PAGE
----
1. Denial. Someone having existential anxiety may deny the gravity of the questions and resulting conclusions. One may struggle with the idea of not feeling a sense of purpose in relation to this vast universe. Thoughts of “what’s the point of it all” may come about as a person struggles to fight the feeling of insignificance of their singular existence.
  2. Anger. A person may feel angry or irritable as they come around to the idea that what they do may not have a profound effect on the world around them. This could raise feelings of resentment as a person thinks, “why should I even bother? Will it all even matter?”
  3. Wondering (Bargaining). The official third stage of grief is bargaining, in which a person will bargain with God or their higher power for a different outcome than the inevitable. However, when it comes to existential anxiety it is more likely for a person to find himself or herself wondering what life would have been like if they had chosen a different path. The types of feelings that come with existential anxiety occur as they raise questions and discontents about one’s own life, which can be difficult to cope with. One may find himself or herself wondering “What would have happened if I traveled after college instead of finding a job” or “I wonder what my life would have been like if I had waited to get married”. Some may even promise themselves to try to regain some of the opportunities they previously passed up in effort to live through some of their losses and regain a sense of control over their own destiny.
  4. Depression. As people struggle more and more to find peace in the questions that cannot be answered and the discontents of their life decisions they call into a state of anxiety and depression. Many will often seek counseling or spiritual awakening to cope with these unresolved feelings and uncertainties. This stage can also be applied to those who decide to make drastic changes to their lifestyles. While in a phase of transition in his or her life a person will struggle with wondering if he or she made the right choice and may wonder why there is not a profound feeling of happiness or contentment at first. In these cases one must remember that change is evolutionary, meaning it will take time to feel results of lifestyle changes.
  5. Acceptance. Through a great deal of soul-searching, spiritual healing, and sometimes radical life changes, a person experiencing existential anxiety will be able to find peace, acceptance, and purpose in his or her life and all he or she is trying to achieve. Some thoughts of resolution include “What I am doing matters to me, and I am important” and “I will do what I can with what I have and my goal will be to find happiness and balance”. Through acceptance many find they develop new values, morals, and life goals. These goals set the ground for their futures.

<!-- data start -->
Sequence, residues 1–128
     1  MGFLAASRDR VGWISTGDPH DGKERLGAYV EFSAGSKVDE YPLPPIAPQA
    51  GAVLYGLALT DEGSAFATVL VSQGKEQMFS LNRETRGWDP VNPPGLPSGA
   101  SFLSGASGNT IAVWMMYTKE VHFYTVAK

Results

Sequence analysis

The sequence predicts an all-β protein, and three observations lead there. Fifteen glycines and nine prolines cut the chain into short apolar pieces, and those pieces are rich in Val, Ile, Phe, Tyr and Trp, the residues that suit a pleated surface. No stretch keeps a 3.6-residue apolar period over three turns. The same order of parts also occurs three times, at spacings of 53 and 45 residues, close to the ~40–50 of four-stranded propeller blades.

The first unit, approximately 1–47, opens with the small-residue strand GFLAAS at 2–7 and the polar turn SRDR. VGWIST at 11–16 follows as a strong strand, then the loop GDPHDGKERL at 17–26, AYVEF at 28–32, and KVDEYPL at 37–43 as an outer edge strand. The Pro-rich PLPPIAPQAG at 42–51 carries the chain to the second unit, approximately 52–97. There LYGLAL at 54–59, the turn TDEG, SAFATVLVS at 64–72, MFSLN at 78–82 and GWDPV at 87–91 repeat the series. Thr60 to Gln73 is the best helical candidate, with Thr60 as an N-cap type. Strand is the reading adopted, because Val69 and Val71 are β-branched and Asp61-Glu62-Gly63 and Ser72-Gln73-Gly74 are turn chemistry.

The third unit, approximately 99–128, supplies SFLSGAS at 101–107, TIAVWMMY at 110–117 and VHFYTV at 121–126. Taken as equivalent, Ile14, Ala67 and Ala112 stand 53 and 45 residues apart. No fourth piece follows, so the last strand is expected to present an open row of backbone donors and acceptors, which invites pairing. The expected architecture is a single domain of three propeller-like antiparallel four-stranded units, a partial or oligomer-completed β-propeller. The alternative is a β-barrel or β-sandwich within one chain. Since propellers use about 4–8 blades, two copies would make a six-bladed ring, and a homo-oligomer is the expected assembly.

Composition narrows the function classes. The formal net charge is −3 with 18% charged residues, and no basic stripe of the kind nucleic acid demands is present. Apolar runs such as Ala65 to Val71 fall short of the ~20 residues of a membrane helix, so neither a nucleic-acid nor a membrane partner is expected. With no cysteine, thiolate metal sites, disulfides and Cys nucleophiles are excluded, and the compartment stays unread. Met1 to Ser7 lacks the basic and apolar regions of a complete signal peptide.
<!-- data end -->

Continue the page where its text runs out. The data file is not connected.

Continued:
How to Find Resolution

Existential anxiety stems from asking too many questions at once or fixating on questions you cannot answer alone. Fortunately, there are ways to ease the stress of existential anxiety. Here are some suggestions to help you cope with the symptoms of your existential anxiety:

  • Seek professional counseling. Some viable counseling options are spiritual counseling, religious counseling, life coaching and mental health counseling. Each will be able to help with different existential questions and introspective exploring.
  • Travel. Getting perspective on the world outside your home helps a great deal when coping with existential anxiety. Seeing what is in this world helps you learn about understanding, acceptance, and what is important to you.
  • Read. There are many who have asked the same questions as you, and their perspectives could be quite helpful in supporting your own existential journey.
  • Talk to others. Many people experience existential anxiety, and a surefire way to ease that anxiety is to find others who have also been through similar questions and feelings. They may be able to advise you on how to find peace through the emotional and mental turmoil.

It is possible to find resolution when experiencing existential anxiety. However, without proper exploration of these thoughts you may find it difficult to break free of the depressed feelings and anxiety they experience. With so many unanswered questions you may become overwhelmed and struggle to cope. It is important to keep in mind that existential exploration takes time.